Sarah Ruhl

ORLANDO (Villanova): Blurred lines

As Orlando journeys through genders and centuries, the pain and beauty of being a human in a body is explored with a vibrant commitment to the process of theater-making. 

Philadelphia theater through the eyes of J. Cooper Robb, Part 2: 2004

Revisiting Philly theater history through the eyes of one of its finest critics.

EURYDICE (Villanova Theatre): Death is a continuation of life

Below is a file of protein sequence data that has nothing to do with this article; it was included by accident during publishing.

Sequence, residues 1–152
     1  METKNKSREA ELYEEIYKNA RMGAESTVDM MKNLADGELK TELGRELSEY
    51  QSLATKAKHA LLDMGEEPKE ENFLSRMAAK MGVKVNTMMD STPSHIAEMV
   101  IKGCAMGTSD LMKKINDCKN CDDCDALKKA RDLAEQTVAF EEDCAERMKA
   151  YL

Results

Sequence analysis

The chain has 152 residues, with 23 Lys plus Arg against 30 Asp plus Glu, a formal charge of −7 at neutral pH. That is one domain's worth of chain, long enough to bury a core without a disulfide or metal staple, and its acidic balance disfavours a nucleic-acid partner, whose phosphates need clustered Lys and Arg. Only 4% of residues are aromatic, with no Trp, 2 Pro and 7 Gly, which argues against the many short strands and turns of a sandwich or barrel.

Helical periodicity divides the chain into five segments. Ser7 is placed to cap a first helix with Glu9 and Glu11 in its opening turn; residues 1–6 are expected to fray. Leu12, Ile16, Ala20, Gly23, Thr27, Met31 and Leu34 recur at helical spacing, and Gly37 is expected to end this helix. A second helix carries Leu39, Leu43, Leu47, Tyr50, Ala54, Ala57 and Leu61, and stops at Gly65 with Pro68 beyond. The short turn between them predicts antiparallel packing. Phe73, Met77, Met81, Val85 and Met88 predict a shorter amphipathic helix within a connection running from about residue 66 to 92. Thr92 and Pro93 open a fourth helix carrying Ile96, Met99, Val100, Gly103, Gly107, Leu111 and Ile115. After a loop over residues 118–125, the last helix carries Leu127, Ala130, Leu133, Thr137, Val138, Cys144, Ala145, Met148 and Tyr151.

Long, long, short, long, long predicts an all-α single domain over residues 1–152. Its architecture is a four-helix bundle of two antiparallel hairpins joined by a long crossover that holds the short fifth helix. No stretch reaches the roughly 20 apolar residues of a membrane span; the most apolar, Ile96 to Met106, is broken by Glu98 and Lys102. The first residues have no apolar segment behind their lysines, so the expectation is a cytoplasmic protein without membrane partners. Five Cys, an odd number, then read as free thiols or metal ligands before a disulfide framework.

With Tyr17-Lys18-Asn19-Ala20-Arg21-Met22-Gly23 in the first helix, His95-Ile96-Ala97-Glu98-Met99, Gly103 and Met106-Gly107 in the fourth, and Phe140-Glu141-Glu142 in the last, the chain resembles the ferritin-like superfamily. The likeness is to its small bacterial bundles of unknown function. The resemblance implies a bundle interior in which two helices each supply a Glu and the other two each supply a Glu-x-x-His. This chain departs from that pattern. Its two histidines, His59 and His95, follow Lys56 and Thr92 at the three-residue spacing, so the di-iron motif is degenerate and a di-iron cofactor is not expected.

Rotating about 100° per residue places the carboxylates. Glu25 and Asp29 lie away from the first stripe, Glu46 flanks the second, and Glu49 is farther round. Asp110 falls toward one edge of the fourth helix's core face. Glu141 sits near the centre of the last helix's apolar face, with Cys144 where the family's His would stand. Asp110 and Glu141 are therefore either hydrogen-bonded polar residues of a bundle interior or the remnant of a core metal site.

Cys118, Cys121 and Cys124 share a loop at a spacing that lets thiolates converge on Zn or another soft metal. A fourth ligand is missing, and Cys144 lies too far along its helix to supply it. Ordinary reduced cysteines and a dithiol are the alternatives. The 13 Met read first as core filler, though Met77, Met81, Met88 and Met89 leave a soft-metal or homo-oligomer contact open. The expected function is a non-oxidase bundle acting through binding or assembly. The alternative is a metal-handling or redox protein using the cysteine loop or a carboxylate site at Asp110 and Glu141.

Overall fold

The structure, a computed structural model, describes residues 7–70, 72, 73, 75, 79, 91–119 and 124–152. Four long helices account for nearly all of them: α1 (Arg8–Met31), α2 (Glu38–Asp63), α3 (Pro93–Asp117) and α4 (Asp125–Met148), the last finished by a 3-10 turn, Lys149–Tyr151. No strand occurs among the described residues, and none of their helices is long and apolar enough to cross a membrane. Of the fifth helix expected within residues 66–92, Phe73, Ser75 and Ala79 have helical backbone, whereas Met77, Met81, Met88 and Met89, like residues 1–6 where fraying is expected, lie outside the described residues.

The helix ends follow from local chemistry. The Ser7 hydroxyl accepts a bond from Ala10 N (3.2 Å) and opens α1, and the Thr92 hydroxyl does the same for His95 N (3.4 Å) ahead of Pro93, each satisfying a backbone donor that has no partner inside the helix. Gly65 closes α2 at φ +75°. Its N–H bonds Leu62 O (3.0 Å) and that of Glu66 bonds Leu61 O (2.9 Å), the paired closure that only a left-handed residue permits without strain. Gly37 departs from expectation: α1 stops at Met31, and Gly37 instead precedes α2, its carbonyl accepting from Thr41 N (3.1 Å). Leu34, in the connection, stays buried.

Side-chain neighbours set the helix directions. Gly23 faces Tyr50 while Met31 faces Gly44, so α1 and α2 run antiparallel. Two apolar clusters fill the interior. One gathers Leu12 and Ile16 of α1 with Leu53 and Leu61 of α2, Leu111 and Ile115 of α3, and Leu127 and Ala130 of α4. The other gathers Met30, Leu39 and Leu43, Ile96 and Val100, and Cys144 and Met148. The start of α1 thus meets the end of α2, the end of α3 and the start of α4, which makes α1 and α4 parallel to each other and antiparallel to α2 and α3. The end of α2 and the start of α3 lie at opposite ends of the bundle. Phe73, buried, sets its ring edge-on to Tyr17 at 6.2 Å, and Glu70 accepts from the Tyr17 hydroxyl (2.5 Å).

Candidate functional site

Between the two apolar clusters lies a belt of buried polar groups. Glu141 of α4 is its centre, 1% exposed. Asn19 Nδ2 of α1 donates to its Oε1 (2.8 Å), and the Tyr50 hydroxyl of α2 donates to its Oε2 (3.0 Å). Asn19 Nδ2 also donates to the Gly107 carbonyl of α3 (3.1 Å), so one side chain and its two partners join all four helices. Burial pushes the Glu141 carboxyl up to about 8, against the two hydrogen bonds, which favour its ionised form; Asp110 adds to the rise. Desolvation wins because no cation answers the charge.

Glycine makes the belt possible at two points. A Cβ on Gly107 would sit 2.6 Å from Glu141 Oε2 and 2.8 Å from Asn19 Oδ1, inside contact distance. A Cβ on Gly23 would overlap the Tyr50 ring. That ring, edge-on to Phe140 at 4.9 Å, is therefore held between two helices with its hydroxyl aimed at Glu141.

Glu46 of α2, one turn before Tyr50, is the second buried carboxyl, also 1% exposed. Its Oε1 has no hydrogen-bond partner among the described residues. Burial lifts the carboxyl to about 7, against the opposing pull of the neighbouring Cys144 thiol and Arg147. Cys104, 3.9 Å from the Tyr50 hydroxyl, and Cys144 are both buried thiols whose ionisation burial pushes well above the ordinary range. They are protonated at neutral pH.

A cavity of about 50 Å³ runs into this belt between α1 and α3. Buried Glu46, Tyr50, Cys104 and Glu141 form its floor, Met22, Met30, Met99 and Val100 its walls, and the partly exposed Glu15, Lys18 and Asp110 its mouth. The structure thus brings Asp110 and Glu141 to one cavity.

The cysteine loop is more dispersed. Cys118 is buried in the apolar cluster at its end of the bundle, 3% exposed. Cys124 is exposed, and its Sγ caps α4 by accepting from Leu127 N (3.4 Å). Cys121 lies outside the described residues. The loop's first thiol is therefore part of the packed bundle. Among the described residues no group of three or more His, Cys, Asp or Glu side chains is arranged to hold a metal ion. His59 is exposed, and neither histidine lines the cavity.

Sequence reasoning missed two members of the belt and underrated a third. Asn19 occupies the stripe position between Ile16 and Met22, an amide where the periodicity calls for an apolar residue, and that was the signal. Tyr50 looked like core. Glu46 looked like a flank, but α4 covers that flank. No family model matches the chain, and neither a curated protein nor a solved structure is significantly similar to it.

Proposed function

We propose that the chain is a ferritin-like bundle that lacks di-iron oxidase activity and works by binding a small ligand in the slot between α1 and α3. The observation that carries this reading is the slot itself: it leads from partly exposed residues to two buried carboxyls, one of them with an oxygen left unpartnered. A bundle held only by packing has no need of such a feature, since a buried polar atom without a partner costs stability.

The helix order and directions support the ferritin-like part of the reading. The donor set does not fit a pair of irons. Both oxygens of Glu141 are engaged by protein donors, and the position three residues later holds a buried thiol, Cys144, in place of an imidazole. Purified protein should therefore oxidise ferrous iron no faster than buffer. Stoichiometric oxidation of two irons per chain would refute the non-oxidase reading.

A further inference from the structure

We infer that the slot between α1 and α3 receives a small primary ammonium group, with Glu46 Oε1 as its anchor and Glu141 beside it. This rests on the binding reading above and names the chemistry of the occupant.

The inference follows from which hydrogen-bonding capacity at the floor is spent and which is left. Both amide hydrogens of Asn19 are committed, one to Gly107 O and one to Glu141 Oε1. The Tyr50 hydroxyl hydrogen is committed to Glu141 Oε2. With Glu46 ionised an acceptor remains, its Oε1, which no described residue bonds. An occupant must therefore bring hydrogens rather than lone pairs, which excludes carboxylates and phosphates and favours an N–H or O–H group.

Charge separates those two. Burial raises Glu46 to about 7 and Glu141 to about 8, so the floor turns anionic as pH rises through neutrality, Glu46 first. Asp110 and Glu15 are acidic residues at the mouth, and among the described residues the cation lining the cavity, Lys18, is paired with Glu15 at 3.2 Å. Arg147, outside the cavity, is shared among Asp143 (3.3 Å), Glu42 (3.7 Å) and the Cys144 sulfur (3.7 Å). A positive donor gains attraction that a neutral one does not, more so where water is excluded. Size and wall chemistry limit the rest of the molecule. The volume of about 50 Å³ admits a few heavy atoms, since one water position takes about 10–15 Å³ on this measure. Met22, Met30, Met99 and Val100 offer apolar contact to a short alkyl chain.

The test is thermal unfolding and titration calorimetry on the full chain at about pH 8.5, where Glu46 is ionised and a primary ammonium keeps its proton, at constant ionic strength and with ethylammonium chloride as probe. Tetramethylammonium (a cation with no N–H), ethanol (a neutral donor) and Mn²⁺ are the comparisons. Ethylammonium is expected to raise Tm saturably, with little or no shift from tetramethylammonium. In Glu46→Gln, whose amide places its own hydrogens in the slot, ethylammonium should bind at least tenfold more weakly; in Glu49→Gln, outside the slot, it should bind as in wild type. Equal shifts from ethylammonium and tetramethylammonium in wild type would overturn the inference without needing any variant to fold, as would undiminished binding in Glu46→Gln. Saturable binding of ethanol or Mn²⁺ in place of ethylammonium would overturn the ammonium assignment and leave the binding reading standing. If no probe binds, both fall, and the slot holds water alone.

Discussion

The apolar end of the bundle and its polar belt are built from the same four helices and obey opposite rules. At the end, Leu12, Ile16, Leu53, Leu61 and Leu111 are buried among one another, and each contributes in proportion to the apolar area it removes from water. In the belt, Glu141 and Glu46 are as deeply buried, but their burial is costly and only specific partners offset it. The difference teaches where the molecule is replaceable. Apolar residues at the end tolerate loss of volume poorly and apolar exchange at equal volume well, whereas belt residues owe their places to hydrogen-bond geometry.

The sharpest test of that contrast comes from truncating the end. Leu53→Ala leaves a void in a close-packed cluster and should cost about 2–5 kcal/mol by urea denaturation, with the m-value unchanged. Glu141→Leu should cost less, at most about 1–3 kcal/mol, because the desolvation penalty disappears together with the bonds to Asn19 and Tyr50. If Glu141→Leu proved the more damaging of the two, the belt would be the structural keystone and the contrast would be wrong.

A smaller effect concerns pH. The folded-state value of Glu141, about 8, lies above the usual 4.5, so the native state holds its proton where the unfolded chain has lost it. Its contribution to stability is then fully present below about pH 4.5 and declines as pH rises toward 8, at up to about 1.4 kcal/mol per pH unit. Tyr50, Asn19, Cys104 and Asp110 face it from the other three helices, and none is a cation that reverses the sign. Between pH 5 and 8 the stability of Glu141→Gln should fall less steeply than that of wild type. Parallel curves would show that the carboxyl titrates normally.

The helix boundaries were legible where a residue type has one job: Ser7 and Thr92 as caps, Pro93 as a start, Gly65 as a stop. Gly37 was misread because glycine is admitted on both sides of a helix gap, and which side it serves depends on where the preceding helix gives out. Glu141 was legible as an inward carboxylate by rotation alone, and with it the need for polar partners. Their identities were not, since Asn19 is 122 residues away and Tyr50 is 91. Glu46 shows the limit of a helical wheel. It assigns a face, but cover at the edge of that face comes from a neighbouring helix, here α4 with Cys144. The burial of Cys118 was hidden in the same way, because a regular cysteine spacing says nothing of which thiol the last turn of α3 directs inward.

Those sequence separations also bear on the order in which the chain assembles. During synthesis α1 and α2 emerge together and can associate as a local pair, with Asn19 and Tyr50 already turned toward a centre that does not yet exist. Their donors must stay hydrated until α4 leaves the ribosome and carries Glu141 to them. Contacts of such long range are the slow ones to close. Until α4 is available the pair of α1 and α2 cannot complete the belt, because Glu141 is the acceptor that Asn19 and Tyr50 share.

Death, as experienced in director James Ijames’s comic yet movingly evocative production of Sarah Ruhl’s play, is a continuation of life.

Photo by Mark Garvin

DEAR ELIZABETH (People’s Light & Theatre Company): Kindred Spirits in Poetry and Depression

Is a play told solely through the extant letters of its real-life characters really a play? Sarah Ruhl’s DEAR ELIZABETH, which traces the friendship between Elizabeth Bishop and Robert Lowell through their thirty years of correspondence (1947-77), seems more of a pedantic academic exercise in hero worship by a playwright who began her writing career as a poet and an admirer of Bishop’s oeuvre.